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Travel Throwback Thursday

I’ve hijacked #tbt and turned it into #ttbt so I can tell stories about old photos of my past adventures. This time: Kalaupapa, Molokai.

Me, Kelsey, and the impressive sea cliffs of Molokai. (Hoooo-leeee crap, look at how young we are.)

Me, Kelsey, and the impressive sea cliffs of Molokai.
(Hoooo-leeee crap, look at how young we are.)

So, my Aunt lives in Hawaii, and the summer after 10th grade (which would make us 16 and 15 I think), my friend Kelsey and I went out to visit. Which was a PRETTY SWEET DEAL for some high-schoolers from the east coast. We did all the usual Hawaii stuff – hanging out on the beach, snorkeling, going to the Pearl Harbour museum, checking out the North Shore, eating pineapple soft-serve after navigating the maze at Dole. I had been before with my family and done a lot of that stuff, but it didn’t exactly lose it’s shine or anything. I mean. In Hawaii as a teenager! We basically had run of the place when we weren’t doing specific planned activities. It was fantastic.

The one thing we did do that I hadn’t done with my family was take a very small plane over to Molokai to hike down into Kalaupapa National Park. This is where King Kamehameha V banished Hawaiian people with Hansen’s disease (leprosy). It’s a small peninsula on the north side of the already tiny island that is pretty isolated (you either have to fly in on an even tinier plane, or hike in down a crazy-steep trail), so it was basically the equivalent of sweeping people under a rug. A rug with amazing views, but a rug nonetheless. A bit shit really.

I’ve just looked this up because I couldn’t remember, but apparently that trail is 3.5 miles long. For a super-steep trail, that’s a fair distance (ALL THE SWITCHBACKS) but to my current mind, it doesn’t seem all that long. It’s NOT, really. However, to our lazy-ass, opposite-of-sporty, high school selves, it was soooooooo farrrrrrrrr. I know it’s normal for you to remember things seeming so much bigger as a kid, but you tend to think that way of seeing the world fades out before you’re a teenager. This is one of those memories that proves that your sense of your own relative smallness sticks around a lot longer than you recall.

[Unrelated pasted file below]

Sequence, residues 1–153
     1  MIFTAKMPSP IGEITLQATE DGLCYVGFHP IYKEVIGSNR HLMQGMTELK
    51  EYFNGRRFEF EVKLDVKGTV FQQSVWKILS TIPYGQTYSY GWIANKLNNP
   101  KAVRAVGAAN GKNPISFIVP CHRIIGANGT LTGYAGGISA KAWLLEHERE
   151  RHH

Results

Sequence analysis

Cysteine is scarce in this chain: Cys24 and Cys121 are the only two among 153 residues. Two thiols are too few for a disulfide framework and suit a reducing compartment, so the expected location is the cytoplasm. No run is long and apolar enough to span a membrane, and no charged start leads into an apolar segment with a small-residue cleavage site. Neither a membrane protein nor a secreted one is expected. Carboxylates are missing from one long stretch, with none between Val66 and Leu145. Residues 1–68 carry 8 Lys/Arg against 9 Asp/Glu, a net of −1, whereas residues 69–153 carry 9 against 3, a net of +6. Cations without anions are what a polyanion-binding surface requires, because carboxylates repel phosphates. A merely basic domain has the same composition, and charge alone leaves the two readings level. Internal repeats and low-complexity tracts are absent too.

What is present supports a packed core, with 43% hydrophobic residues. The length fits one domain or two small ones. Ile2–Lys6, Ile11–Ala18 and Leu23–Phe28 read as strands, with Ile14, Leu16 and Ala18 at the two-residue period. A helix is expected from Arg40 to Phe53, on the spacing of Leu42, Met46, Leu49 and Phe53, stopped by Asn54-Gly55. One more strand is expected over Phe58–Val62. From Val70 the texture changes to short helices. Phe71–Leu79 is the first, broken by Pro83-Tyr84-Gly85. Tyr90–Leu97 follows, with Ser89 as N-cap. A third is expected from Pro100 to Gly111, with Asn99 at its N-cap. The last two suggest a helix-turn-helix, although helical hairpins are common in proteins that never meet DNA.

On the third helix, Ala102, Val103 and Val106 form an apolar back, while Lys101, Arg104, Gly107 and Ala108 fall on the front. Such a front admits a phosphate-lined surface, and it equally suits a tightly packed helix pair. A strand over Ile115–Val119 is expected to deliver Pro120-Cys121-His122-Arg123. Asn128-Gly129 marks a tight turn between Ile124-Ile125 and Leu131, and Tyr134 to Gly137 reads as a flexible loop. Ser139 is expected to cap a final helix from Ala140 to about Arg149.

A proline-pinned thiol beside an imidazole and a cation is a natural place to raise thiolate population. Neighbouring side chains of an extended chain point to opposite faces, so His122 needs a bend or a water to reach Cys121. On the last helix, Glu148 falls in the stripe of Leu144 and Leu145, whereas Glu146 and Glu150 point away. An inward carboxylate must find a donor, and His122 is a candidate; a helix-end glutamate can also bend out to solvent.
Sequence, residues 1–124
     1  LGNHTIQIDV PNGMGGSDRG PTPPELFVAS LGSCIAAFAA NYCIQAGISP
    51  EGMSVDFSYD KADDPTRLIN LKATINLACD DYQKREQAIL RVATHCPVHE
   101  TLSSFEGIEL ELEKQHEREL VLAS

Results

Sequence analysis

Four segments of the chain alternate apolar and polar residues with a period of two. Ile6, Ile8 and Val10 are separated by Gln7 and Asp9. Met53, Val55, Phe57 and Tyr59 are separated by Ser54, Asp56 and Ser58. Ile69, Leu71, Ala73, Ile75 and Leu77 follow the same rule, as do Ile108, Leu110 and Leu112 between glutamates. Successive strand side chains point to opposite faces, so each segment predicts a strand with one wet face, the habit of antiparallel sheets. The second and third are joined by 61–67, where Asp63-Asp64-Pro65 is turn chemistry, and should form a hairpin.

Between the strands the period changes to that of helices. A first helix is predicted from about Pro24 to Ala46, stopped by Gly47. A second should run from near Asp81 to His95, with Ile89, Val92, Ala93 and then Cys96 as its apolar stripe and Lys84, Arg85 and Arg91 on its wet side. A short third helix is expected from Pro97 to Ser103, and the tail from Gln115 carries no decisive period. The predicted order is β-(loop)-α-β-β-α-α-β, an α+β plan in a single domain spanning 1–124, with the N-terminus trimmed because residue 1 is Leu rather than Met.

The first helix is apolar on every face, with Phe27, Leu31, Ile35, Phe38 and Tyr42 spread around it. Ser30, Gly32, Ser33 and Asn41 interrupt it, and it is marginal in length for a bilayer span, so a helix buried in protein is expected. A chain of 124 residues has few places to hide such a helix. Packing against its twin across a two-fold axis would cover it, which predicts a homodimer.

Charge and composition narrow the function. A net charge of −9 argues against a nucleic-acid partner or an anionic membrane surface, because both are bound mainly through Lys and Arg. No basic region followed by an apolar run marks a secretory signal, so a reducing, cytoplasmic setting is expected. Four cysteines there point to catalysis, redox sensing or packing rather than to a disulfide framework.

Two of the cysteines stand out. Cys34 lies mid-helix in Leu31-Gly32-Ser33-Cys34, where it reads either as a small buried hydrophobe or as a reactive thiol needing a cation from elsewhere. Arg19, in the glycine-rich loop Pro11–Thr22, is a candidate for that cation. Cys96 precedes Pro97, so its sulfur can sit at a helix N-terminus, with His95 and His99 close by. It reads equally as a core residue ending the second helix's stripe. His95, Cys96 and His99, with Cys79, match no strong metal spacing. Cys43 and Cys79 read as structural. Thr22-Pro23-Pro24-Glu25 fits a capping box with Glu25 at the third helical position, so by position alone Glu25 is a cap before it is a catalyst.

My Aunt and Uncle put up with our whinging like champs. We certainly appreciated it and it was an amazing day, but you’re talking about girls who were constantly yelled at in gym class for walking when we were meant to be running the mile. So. That gives you an idea.

Anyway, we DID opt for the walk over the donkeys (donkeys!) or the tiny plane, and we were duly rewarded with a history lesson I definitely never would have learned had I not gone there. And a stunning place in general.

This was on the way back up the trail. My uncle looking suitably unimpressed with our lack of hiking love.

On the way back up the trail. My uncle looking suitably unimpressed with our lack of hiking love. (And we did have a permit by the way. You need one to get in to the peninsula.)